Dorset Garden Theatre

Definition

Theater

  • A former theater situated on the north bank of the Thames, just off Fleet Street, London. Its design has sometimes been ascribed to Sir Christopher Wren.

    The theater was planned by William Davenant, whodied before its completion. Although it had an impressive prosceniumarch, acting took place in front of it; productions had the advantageof the latest scenic effects, though the theater's narrow auditoriummade it somewhat cramped.

    The Dorset Garden opened in 1671 under the management of ThomasBetterton, the first production being a revival of Dryden'sSir Martin Mar-All. From 1672 to 1674 it was the only theateropen in London, as Drury Lane was being rebuilt following a fire.The Dorset Garden's reputation for musical works began with two adaptationsof Shakespeare: Davenant's musical Macbeth in 1673 and ThomasShadwell's The Enchanted Island, a retelling of The Tempest,in 1674. Two works by Dryden received their premiere here; TheKind Keeper; or, Mr Limberham (1678) and The Spanish Friar;or, The Double Discovery (1680).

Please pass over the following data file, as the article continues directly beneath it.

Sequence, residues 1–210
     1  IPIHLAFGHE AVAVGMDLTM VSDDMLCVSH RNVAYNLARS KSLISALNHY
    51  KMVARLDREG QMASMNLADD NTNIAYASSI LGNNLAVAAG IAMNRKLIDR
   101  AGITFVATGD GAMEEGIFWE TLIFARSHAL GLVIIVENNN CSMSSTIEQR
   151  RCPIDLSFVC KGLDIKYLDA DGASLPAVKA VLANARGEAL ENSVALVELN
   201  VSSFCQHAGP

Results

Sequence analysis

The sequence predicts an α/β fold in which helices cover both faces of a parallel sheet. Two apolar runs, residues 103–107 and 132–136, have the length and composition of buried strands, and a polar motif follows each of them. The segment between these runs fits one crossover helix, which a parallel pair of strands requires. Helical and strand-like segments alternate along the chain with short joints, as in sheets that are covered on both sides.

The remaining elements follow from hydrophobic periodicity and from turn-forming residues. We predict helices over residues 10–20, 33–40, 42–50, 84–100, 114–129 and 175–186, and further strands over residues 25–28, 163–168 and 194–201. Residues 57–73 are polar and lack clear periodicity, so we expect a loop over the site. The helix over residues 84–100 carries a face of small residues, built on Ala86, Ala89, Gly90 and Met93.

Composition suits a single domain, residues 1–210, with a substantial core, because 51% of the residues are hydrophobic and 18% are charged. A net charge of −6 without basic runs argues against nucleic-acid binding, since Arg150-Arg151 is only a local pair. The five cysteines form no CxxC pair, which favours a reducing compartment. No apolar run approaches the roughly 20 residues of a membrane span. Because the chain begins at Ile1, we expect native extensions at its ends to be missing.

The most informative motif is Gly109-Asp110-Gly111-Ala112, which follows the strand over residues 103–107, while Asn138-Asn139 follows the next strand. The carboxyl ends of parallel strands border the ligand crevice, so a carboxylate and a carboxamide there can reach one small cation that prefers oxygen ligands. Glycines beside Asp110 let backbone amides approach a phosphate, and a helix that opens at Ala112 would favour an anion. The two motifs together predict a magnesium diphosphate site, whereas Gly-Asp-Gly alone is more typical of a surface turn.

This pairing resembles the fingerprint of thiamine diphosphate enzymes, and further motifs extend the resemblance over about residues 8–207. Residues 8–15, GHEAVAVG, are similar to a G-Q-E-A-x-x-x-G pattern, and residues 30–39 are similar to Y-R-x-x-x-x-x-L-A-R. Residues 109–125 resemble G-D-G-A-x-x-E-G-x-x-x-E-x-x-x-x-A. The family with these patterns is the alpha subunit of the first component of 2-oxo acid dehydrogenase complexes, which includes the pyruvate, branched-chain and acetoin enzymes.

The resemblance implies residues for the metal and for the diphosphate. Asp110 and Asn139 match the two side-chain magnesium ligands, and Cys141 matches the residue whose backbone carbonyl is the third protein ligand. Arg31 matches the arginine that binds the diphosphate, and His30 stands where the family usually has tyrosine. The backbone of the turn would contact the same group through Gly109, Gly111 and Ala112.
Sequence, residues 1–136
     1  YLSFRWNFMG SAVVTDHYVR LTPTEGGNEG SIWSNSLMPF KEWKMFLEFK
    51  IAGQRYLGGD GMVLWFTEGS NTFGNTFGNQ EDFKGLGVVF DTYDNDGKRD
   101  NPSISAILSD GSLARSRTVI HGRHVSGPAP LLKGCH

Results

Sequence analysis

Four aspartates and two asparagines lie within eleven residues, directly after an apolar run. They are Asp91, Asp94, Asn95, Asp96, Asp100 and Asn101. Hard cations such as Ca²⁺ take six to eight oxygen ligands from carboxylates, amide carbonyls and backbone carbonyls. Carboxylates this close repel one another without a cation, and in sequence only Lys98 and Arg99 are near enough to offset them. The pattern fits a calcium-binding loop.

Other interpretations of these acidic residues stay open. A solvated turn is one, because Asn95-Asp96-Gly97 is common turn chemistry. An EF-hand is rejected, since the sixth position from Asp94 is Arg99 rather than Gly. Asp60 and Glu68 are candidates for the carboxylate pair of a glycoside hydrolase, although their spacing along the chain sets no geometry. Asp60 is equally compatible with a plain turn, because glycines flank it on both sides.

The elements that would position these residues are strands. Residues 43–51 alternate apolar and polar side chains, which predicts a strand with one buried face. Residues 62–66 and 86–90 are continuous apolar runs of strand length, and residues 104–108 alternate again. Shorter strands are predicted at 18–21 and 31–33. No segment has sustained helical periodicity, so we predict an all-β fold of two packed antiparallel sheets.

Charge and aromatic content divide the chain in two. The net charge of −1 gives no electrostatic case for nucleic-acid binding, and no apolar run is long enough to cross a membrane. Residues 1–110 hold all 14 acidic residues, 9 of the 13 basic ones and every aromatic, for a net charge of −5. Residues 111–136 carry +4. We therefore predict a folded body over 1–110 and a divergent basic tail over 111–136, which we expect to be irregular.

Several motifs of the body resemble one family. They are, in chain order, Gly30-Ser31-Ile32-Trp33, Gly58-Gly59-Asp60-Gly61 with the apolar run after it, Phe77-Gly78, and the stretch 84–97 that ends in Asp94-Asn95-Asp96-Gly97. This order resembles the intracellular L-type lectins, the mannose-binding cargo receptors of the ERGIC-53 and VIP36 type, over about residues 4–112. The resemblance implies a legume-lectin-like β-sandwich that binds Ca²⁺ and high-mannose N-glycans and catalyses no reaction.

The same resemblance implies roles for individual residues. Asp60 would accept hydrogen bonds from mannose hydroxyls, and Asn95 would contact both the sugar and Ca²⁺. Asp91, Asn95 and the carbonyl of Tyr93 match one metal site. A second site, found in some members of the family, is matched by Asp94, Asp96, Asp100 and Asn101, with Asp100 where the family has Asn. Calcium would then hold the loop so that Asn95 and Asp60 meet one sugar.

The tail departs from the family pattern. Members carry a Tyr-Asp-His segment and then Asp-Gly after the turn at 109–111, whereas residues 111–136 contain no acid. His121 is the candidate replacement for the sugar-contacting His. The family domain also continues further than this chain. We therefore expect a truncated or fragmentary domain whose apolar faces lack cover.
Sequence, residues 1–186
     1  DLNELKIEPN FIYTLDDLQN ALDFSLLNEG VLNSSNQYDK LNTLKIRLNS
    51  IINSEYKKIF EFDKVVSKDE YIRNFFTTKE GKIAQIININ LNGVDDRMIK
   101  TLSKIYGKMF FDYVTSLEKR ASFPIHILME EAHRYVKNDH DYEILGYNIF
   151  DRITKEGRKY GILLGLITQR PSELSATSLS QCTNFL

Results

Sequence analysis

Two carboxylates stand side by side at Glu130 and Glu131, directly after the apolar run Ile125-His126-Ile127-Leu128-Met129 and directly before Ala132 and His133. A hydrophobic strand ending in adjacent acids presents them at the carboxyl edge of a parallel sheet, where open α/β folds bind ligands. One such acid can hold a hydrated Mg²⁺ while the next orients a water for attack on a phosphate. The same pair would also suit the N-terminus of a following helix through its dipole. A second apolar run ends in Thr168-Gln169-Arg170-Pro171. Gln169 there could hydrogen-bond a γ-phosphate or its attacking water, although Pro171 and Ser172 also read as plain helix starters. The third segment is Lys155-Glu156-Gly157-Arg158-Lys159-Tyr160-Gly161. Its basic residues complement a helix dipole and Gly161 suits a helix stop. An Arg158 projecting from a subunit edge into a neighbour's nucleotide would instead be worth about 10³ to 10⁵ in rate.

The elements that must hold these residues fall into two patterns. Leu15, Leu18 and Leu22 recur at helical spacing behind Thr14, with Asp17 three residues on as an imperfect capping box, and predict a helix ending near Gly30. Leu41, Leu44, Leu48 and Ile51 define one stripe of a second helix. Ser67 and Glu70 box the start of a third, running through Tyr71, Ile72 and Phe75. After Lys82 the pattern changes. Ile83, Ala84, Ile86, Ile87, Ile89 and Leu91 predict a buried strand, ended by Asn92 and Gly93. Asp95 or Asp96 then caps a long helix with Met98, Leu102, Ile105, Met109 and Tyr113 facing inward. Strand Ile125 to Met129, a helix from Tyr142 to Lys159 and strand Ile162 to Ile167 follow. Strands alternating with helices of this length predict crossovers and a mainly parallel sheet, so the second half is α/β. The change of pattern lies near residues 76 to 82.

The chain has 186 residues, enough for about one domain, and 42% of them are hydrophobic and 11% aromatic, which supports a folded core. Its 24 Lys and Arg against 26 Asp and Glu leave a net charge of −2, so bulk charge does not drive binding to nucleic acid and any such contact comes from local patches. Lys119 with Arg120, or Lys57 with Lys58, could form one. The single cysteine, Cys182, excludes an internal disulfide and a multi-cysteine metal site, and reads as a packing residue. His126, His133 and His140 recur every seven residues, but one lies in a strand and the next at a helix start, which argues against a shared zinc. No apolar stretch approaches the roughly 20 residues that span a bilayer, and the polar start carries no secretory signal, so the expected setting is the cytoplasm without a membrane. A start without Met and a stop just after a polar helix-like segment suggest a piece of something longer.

In 1682 financial pressures led the company to merge withthat at Drury Lane, which became their headquarters. Dorset Gardenwas subsequently used mainly for opera, being renamed the Queen'sTheatre in 1687 after Queen Mary II. Its popularity subsequently declinedand it became a home for circus acts and wild animal shows beforebeing demolished in 1709.

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